The love of Jesus Christ–as demonstrated on the Cross of Calvary–has made the greatest mark upon the world. “God is love,” and Jesus’ horrific sufferings on behalf of sinful people showed the world once and for all that God cares for each one of us and provided a way out of our guilt and self destruction. For two thousand years, followers of the loving Christ have carried his compassion and care to peoples everywhere.

Nations have been won through his love; The majority of hospitals and compassion ministries around the globe have been launched in his Name; When there are earthquakes, tsunamis, fires, and typhoons, God’s love through his people runs to alleviate human suffering via the Red Cross, World Vision, and thousands of other agencies.  Where would our world be without the love of Christ as expressed through his people?

Jesus was not just a good man who founded a great religion. He was the Son of God, sent on a mission to transform the world through changing individual lives. I want you to imagine for a moment what your life would like if he hadn’t died and rose again! 

You’d be powerless in your sins, separated from God forever. If you’re a woman, you’ve had no rights or future. Your family would be broken and dysfunctional. You’d have no worship or fellowship. You’d be living under a tyrant, without education, and in miserable poverty. You would be fearful of nature (creation), your art forms would express those fears. You would lack faith, hope, and love in this life–and the next.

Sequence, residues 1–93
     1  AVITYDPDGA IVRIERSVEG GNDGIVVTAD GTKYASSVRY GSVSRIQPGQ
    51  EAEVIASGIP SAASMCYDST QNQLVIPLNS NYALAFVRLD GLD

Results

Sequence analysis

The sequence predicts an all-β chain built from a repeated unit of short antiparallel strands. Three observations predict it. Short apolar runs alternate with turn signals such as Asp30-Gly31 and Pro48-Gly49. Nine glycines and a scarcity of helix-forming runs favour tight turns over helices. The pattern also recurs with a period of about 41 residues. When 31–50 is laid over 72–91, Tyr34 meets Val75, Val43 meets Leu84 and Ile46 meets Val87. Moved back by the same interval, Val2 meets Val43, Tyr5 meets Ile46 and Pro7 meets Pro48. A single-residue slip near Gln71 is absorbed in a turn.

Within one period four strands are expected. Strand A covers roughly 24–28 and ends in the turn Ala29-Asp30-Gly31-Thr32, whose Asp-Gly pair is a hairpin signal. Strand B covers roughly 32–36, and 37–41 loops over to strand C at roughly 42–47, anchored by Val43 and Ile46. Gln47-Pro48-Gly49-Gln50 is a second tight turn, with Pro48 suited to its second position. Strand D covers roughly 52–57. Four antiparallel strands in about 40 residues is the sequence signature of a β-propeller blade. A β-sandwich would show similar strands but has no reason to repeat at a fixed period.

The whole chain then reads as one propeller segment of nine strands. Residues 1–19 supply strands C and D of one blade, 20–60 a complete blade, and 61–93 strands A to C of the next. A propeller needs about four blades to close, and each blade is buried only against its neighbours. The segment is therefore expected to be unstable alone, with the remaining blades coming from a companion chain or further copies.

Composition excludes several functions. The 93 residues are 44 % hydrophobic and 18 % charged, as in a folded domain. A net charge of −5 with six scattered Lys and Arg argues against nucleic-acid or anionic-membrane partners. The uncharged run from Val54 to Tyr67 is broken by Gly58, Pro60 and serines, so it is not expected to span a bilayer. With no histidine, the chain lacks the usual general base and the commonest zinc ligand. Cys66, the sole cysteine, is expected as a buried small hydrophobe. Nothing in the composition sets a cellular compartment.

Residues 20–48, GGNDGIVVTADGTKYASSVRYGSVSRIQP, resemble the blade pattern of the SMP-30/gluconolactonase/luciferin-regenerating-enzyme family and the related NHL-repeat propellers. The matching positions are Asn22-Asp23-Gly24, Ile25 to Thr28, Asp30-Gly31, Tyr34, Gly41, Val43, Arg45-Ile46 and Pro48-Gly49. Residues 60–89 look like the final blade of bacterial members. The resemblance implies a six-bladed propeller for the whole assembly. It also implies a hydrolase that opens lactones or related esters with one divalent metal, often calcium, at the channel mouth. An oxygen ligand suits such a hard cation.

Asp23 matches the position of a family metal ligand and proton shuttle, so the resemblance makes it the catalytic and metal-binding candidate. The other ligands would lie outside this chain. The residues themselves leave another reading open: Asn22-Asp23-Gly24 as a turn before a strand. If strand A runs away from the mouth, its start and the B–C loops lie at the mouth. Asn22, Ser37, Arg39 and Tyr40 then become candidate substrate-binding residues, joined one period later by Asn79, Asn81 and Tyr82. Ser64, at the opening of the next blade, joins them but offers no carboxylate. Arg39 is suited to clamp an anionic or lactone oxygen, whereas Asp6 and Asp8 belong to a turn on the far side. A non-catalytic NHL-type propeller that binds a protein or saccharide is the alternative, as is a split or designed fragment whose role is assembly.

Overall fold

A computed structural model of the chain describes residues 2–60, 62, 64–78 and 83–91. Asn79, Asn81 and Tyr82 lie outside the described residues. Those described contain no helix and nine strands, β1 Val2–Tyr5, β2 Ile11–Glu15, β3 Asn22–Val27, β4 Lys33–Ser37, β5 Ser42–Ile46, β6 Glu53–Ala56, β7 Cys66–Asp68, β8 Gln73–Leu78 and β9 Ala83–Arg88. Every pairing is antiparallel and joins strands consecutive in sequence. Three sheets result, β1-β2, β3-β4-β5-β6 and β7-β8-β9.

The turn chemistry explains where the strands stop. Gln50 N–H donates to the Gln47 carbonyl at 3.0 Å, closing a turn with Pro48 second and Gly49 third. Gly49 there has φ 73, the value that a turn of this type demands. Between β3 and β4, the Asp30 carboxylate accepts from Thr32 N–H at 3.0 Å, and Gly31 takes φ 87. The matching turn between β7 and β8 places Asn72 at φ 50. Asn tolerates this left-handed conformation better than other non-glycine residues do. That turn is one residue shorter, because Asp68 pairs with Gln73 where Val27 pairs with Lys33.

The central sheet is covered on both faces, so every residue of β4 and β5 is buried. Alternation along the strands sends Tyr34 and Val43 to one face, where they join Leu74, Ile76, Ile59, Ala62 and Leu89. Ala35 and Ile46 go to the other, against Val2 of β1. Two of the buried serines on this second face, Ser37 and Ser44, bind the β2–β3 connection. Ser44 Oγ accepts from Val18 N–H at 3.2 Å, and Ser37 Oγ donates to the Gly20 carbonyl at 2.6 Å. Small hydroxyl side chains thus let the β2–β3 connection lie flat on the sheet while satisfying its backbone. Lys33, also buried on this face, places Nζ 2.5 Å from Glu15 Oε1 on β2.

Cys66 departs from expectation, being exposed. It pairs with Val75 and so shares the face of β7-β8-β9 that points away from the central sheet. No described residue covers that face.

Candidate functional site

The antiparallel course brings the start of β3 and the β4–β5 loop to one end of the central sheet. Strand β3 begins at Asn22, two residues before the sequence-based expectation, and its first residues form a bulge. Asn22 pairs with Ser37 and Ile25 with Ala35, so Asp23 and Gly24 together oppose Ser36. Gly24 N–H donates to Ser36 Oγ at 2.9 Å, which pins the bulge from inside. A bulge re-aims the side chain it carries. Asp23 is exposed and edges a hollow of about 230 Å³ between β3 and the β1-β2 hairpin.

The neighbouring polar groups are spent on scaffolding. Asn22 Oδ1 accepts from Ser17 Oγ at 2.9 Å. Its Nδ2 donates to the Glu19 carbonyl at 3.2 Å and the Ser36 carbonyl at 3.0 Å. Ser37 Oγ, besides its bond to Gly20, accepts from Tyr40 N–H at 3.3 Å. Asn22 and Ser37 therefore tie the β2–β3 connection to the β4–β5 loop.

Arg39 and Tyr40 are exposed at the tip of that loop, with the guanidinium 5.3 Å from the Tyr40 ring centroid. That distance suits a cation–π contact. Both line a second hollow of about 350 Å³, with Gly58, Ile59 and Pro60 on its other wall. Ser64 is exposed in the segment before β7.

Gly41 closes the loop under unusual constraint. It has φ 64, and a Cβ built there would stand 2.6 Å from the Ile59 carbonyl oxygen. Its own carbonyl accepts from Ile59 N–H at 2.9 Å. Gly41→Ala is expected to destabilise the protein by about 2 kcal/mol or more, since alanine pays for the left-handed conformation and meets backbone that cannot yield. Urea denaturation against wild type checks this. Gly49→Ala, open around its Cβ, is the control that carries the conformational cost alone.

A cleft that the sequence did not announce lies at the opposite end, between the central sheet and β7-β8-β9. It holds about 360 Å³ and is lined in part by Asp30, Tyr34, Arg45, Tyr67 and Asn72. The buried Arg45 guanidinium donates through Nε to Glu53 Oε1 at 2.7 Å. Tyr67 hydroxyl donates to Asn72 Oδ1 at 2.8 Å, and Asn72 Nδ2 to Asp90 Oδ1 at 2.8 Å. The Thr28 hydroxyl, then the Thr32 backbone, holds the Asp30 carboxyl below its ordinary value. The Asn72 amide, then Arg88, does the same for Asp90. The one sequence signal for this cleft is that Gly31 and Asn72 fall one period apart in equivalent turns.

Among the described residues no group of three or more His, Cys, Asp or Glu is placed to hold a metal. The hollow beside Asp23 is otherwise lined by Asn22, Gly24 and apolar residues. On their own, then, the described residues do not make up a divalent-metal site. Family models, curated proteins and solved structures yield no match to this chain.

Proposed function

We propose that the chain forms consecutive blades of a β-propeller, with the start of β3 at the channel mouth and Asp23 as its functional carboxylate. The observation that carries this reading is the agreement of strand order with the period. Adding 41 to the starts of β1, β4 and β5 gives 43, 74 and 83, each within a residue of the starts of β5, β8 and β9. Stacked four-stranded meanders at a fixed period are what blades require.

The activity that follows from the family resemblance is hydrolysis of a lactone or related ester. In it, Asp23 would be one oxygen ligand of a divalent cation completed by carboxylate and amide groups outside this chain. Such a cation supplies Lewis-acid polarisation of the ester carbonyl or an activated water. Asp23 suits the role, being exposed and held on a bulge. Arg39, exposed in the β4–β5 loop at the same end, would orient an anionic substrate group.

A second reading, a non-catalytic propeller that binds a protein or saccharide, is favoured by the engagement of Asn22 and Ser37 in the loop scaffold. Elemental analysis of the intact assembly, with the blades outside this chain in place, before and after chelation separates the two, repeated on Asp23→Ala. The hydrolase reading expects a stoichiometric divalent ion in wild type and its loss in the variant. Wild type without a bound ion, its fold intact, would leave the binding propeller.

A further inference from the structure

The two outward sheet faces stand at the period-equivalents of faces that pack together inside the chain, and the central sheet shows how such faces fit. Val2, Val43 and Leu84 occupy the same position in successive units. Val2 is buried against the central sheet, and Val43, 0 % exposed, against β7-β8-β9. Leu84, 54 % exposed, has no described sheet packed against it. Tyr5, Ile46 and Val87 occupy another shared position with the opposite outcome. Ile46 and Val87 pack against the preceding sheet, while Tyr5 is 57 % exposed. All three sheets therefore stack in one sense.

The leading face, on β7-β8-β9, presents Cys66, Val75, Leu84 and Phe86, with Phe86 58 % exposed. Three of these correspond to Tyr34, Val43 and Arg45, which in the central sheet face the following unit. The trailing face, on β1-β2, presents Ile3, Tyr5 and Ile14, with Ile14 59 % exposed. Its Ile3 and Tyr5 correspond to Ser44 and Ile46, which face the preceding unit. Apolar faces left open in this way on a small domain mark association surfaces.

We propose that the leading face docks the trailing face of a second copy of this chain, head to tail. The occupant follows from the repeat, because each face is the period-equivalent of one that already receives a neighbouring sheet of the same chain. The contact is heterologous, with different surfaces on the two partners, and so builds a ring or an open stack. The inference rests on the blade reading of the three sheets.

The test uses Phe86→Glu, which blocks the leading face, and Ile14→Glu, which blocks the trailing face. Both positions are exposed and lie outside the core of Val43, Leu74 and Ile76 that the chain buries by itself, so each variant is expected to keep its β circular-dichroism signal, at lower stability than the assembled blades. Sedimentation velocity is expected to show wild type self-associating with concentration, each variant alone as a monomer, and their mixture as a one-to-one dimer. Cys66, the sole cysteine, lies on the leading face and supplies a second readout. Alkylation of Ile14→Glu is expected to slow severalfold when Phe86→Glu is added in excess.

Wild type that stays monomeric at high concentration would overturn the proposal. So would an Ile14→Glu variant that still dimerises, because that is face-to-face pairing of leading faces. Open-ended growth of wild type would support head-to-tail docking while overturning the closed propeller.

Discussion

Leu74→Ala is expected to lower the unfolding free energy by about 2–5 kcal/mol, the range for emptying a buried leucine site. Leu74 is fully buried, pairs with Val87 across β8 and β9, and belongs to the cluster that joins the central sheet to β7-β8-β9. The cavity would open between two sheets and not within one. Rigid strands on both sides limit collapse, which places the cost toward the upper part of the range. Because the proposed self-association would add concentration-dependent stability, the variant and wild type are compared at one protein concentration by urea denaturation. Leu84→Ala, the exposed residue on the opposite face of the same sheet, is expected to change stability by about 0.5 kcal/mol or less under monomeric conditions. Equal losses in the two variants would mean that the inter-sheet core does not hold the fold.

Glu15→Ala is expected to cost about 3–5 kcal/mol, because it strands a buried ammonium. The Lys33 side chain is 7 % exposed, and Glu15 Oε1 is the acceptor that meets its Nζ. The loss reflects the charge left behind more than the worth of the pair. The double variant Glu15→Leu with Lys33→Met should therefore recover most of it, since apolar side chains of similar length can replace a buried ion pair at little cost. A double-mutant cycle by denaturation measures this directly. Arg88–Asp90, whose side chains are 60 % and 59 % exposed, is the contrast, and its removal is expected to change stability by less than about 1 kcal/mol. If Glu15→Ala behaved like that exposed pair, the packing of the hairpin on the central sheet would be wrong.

Unfortunately, that description fits the circumstances of some people alive today–who have not heard of Jesus and the wonder of his love. Let’s be faithful to take his Good News to them.

The so-far turbulent 21st century needs to once again focus on the greatest Person of history–Jesus Christ. During this holiest of weeks, we need to pray that mena nd women, families, and whole nations will look to Jesus Christ for forgiveness of their sins and power to live wholesome and effective lives.

We must never forget that Easter–the death and resurrection of Jesus–radically changed the world for good.

Let’s ask Him to do it again in our generation.